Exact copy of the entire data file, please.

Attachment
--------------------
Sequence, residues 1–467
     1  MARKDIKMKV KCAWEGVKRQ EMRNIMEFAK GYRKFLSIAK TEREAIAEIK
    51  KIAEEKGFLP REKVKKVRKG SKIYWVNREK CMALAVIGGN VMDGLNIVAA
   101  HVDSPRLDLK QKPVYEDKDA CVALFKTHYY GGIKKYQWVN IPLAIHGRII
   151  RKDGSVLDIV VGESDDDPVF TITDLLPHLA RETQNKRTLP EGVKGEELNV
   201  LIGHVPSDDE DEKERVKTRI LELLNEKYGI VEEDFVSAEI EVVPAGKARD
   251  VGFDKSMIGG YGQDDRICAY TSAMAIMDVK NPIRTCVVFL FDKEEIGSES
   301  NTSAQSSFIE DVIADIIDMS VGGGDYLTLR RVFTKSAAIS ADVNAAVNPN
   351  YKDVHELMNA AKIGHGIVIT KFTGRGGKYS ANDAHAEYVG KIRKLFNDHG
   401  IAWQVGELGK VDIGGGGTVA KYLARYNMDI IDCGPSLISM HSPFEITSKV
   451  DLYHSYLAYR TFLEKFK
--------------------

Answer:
Sequence, residues 1–467
     1  MARKDIKMKV KCAWEGVKRQ EMRNIMEFAK GYRKFLSIAK TEREAIAEIK
    51  KIAEEKGFLP REKVKKVRKG SKIYWVNREK CMALAVIGGN VMDGLNIVAA
   101  HVDSPRLDLK QKPVYEDKDA CVALFKTHYY GGIKKYQWVN IPLAIHGRII
   151  RKDGSVLDIV VGESDDDPVF TITDLLPHLA RETQNKRTLP EGVKGEELNV
   201  LIGHVPSDDE DEKERVKTRI LELLNEKYGI VEEDFVSAEI EVVPAGKARD
   251  VGFDKSMIGG YGQDDRICAY TSAMAIMDVK NPIRTCVVFL FDKEEIGSES
   301  NTSAQSSFIE DVIADIIDMS VGGGDYLTLR RVFTKSAAIS ADVNAAVNPN
   351  YKDVHELMNA AKIGHGIVIT KFTGRGGKYS ANDAHAEYVG KIRKLFNDHG
   401  IAWQVGELGK VDIGGGGTVA KYLARYNMDI IDCGPSLISM HSPFEITSKV
   451  DLYHSYLAYR TFLEKFK